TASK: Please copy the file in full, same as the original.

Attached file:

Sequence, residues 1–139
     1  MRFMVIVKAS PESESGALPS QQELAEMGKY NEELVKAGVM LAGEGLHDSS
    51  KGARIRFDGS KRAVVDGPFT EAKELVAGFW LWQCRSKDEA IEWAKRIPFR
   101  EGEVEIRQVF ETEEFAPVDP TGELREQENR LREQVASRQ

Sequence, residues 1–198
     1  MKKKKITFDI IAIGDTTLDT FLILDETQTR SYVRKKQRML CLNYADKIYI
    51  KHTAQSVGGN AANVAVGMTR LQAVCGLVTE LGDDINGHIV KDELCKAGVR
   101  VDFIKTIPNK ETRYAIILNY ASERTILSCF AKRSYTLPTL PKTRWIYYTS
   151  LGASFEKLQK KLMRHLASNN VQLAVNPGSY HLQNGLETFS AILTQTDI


Sequence, residues 1–139
     1  MRFMVIVKAS PESESGALPS QQELAEMGKY NEELVKAGVM LAGEGLHDSS
    51  KGARIRFDGS KRAVVDGPFT EAKELVAGFW LWQCRSKDEA IEWAKRIPFR
   101  EGEVEIRQVF ETEEFAPVDP TGELREQENR LREQVASRQ

Sequence, residues 1–198
     1  MKKKKITFDI IAIGDTTLDT FLILDETQTR SYVRKKQRML CLNYADKIYI
    51  KHTAQSVGGN AANVAVGMTR LQAVCGLVTE LGDDINGHIV KDELCKAGVR
   101  VDFIKTIPNK ETRYAIILNY ASERTILSCF AKRSYTLPTL PKTRWIYYTS
   151  LGASFEKLQK KLMRHLASNN VQLAVNPGSY HLQNGLETFS AILTQTDI